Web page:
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Sac Bee:Plenty of fun for the comic book minded

"Plenty of fun for the comic book-and-anime-minded"
By Carla Meyer

Published: Friday, Jun. 1, 2012 - 12:00 am | Page 5TICKET

With the phenomenal success of "The Avengers," and high-profile July releases of "The Amazing Spider-Man" and "The Dark Knight Rises," comic books are more visible than ever.

Nearly as prominent are comic book conventions. At these organized events, fans can attend panel discussions and debate, with other fans, the merits of casting Anne Hathaway as Catwoman or where George Lucas first went wrong.

The monster of fan conventions is July's Comic-Con in San Diego. A multigenre event, Comic-Con offers panels filled with television and movie stars. It also sells out within hours, months before the event.

For Sacramento-area comics fans who could not get a Comic-Con pass or who lack the money to get to San Diego, there are plenty of inexpensive comic book and otherwise geek-centric events to attend close to home.

One is Sunday's Sac-Con, at the Scottish Rite Center near California State University, Sacramento. Each quarterly Sac-Con draws 1,500 visitors and loads of artists and vendors. Getting into the 10 a.m.-5 p.m. event costs $6.

If you do the math (and geeks do), it works out to less than $1 for each hour of entertainment.

"You don't have to go to San Diego to geek out," said Stephanie Rector of the website and community group.

Rector, 39, should know. Her site offers a comprehensive monthly calendar of all things geek, geek- adjacent and whiff-of-geek.

Sacgeeks also has formed a panel to discuss the state of Sacramento geekdom at 4:30 p.m. Sunday at Sac-Con. Rector and her group have produced a deck of playing cards honoring 54 geek-friendly area businesses, events and people.

The summer's top-tier comic book movies (no Green Hornet or Green Lantern in sight) represent a high point for comic book awareness, Rector said. But the broader culture already is thick with geek culture.

"It is becoming more acceptable to be a geek, because of technology," she said. "Everyone has their smartphones and social media. The more you are on Facebook, the more you are exposed to memes."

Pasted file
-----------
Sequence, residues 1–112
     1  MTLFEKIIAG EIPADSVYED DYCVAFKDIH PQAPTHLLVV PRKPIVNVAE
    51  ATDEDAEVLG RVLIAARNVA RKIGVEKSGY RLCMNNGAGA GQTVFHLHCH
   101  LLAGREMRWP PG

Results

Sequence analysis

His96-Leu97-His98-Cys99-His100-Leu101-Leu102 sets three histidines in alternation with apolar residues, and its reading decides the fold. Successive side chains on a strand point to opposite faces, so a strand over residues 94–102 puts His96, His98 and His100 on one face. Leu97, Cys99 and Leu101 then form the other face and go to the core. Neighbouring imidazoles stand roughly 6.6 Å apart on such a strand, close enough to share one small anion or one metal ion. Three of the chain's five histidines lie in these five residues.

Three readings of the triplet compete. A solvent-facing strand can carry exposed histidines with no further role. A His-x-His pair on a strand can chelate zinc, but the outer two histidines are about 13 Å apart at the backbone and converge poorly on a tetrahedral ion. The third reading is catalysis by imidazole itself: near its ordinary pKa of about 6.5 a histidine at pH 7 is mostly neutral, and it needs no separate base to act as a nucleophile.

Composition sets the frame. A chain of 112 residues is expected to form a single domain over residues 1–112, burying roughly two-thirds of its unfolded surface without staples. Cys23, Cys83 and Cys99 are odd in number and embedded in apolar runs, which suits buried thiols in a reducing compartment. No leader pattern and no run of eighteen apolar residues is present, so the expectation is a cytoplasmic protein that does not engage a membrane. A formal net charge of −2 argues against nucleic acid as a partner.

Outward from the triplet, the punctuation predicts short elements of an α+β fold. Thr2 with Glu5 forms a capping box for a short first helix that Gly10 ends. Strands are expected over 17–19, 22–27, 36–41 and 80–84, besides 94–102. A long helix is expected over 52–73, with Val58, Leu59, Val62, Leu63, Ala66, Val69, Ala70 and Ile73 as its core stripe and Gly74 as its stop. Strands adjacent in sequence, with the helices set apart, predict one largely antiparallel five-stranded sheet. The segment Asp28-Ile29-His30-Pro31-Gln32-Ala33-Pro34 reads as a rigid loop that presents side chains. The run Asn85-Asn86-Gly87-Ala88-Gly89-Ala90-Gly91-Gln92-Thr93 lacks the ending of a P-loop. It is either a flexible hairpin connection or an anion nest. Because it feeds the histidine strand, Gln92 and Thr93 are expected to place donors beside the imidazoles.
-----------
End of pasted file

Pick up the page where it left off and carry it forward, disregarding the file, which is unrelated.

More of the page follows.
Internet fan sites and message boards now dovetail with longstanding brick-and-mortar Sacramento comic book shops and conventions. Ben Schwartz, owner of Sacramento's Empires Comics Vault, said he sees spikes in interest when high-profile films are about to come out.

Some of those new comic book readers will lose interest, but others will spark a longtime interest in the form.

"Every time we get a big push like 'Avengers,' it goes up, and when it comes back down, we are always higher than we were before," Schwartz, 36, said while restocking bins at his bright, spacious Fulton Avenue store.

At Empires Comics Vault, new comic books share space with back issues and a small statue, priced at $108, of a bloody Uma Thurman from Quentin Tarantino's "Kill Bill" movies.

Most comic book devotees are not kids but adults in their 20s, 30s, 40s and 50s. In other words, people who can afford $108 statues of Uma Thurman from "Kill Bill." Or to spend a weekend at a comic book convention in San Diego.

These readers and collectors sustain events such as Sac-Con, in place for more than two decades, and SacAnime, a twice-a-year Sacramento convention that draws 4,500 fans of Japanese animation.

"When I first moved here, I couldn't believe how many comic book and animation shows there were," said Jason Dube, 39, who helps run Sac-Con and SacAnime. A comic book artist and publisher, Dube also leads the Sacramento Comicbook Creators Group, which meets every Tuesday evening at Empires Comics Vault.

Dube joined several other comic book fans – all Comic-Con veterans – last week at Empires Comics Vault to discuss films and fan conventions.